Executives for Virginia’s hospitals on Tuesday said they would ask the General Assembly to amend mental health care laws so their emergency rooms can treat patients faster and, if needed, find them inpatient beds in units best suited to their needs.
The Virginia Hospital and Healthcare Association also wants time to stabilize patients to see if they can be discharged before commitment hearings are held, and to be able to tap state funds reserved for involuntary commitments to care for patients who willingly seek treatment.
The association held a news conference Tuesday at Virginia Commonwealth University Medical Center, which was streamed on Facebook, to talk about ways to improve mental health care.
“Virginia and all Virginians are familiar with these issues through several very high profile cases as well as personal experiences in their own lives,” said Deborah Davis, CEO of VCU Hospitals and Clinics. “Behavioral health care issues have touched every Virginian in some form.”
About 1.1 million Virginians, or 20 percent of the state’s population, in 2014 were diagnosed with a mental health illness; 213,000 of them had serious mental illnesses, but almost half went untreated.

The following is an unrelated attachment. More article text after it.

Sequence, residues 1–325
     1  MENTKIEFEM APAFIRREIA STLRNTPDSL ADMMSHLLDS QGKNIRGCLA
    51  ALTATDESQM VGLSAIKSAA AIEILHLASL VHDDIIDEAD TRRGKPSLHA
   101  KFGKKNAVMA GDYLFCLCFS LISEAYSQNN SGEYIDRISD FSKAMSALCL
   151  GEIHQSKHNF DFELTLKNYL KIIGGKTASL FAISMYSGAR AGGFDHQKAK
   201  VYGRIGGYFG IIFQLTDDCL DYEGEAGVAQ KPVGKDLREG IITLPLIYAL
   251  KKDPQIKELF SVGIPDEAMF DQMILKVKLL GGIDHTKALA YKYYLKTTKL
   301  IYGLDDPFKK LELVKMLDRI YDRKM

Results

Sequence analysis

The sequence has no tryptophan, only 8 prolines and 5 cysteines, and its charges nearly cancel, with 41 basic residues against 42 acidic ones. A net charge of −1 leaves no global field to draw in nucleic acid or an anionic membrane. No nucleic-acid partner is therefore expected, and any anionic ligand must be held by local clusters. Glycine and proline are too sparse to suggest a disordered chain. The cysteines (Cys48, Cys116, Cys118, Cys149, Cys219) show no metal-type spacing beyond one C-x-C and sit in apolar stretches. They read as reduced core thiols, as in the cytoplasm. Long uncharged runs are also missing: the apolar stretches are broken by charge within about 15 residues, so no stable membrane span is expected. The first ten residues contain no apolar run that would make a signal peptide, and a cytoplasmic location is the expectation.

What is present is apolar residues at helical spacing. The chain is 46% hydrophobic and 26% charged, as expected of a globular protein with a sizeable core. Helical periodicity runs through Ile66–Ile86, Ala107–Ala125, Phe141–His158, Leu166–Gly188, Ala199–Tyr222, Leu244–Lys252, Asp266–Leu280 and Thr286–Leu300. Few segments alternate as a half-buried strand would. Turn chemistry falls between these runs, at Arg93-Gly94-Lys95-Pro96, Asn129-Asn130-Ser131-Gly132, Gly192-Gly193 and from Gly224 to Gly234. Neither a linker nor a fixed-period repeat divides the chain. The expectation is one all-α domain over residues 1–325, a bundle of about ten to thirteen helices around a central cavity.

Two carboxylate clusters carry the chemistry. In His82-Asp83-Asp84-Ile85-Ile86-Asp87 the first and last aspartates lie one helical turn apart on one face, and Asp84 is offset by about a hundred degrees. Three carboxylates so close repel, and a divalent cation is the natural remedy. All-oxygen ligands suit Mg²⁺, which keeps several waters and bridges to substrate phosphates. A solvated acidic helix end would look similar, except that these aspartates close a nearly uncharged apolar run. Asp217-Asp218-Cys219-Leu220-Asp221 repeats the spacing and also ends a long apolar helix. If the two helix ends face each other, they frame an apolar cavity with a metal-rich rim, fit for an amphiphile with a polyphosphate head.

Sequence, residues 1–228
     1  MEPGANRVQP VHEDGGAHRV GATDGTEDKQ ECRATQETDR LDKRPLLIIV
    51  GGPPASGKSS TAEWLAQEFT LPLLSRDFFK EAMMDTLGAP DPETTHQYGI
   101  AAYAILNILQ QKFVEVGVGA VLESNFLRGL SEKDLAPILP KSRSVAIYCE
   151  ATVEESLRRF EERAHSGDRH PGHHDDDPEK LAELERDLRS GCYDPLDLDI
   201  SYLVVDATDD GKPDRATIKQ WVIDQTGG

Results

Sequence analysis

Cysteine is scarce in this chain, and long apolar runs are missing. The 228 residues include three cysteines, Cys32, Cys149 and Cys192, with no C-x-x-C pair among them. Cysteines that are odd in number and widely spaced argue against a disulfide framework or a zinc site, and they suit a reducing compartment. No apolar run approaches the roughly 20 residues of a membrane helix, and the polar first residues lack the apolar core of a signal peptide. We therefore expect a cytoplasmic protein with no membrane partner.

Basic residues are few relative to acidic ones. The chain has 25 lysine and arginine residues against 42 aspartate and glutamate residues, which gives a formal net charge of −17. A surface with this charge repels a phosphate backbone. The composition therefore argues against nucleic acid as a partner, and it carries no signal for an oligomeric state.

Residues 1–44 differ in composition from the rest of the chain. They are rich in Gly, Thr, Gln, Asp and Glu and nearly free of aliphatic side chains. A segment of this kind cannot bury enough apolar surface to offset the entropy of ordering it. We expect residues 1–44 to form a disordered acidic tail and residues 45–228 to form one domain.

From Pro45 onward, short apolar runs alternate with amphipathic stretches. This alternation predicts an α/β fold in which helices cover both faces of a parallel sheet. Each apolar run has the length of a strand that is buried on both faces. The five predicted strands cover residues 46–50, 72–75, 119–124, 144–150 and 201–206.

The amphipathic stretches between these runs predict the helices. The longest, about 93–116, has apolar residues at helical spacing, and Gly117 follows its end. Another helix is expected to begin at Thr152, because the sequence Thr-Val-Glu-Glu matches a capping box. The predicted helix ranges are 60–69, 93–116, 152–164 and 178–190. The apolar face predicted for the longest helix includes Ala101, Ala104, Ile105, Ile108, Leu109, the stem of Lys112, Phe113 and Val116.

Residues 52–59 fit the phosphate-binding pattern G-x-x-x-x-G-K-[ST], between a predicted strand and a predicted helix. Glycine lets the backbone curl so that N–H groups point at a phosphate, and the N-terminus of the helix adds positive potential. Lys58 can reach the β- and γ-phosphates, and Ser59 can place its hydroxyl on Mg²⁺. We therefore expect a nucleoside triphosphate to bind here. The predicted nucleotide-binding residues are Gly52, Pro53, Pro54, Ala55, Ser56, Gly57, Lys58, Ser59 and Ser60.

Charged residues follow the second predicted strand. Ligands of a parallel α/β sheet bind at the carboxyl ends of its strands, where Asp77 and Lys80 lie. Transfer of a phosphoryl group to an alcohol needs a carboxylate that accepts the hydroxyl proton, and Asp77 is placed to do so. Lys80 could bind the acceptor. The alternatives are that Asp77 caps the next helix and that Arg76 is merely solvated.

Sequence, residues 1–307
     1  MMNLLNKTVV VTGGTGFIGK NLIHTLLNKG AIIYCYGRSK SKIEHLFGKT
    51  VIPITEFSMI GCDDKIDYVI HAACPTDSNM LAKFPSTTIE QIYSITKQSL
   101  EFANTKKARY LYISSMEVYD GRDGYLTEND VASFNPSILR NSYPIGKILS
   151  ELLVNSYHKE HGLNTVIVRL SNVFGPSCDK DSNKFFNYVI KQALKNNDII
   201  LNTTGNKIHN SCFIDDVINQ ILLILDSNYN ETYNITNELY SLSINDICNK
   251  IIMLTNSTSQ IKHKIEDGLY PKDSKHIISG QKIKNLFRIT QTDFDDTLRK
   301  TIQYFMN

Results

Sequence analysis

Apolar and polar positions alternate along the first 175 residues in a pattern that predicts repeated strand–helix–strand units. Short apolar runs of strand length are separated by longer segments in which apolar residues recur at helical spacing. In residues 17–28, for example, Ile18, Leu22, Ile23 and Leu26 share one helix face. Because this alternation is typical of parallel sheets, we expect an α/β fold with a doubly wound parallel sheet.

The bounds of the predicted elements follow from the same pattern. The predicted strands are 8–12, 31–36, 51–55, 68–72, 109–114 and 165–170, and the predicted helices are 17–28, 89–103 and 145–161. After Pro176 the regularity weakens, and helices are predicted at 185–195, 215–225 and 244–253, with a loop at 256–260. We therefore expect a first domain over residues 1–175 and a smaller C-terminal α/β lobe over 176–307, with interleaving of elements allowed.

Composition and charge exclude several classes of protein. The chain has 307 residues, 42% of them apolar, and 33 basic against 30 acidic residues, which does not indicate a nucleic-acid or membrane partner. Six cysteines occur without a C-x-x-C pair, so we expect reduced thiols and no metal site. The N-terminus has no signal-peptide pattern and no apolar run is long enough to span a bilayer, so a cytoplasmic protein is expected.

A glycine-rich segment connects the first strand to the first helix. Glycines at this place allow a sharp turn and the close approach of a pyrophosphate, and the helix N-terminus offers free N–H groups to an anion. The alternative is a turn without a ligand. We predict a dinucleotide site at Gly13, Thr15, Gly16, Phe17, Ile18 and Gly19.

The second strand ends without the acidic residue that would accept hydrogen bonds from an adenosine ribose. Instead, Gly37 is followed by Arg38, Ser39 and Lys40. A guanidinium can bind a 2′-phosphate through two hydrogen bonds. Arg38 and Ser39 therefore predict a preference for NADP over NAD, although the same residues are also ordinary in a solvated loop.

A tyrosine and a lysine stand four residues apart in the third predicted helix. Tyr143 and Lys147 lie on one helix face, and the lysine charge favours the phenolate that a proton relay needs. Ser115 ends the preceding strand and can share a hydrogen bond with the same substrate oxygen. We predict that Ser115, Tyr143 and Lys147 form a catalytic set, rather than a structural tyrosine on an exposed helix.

The association said there aren’t enough psychiatric beds. Of the 2,922 inpatient beds statewide, private hospitals manage 1,300 of them. In addition, their emergency departments often are the go-to place for people in crisis who wait until a bed in a psychiatric unit or hospital can be found.
In 2014, lawmakers mandated the creation of a statewide computerized bed registry to aid in placement. The registry was in response to a high profile case. Gus Deeds attacked his father, state Sen. Creigh Deeds, and then killed himself hours after he was released from an emergency custody order when it elapsed before a hospital placement could be secured.
The bed registry requires state psychiatric hospitals to provide a bed of last resort, but it doesn’t ensure that patients are placed in the hospital best able to treat the complexities of their illnesses.
The hospital association is asking that another layer be developed that provides for more information about patients so that hospitals can better match patients with their staffing and capabilities.
The association also wants to use behavioral health care workers to screen patients for admission when a community services board employee cannot respond within two hours. Time is often critical when patients are held under emergency custody orders.
The association proposes two other ways to reduce involuntary commitments. One would delay commitment hearings for at least 23 hours after admission to allow time to evaluate and stabilize patients. The other would allow state funds to be used based on clinical need rather than on whether a patient is hospitalized under a commitment order.
The association’s agenda comes a week after the Joint Subcommittee to Study Mental Health Services, chaired by Deeds, advanced its own legislative agenda for improving access to services. Several lawmakers on that committee have agreed to sponsor the hospital association’s bills.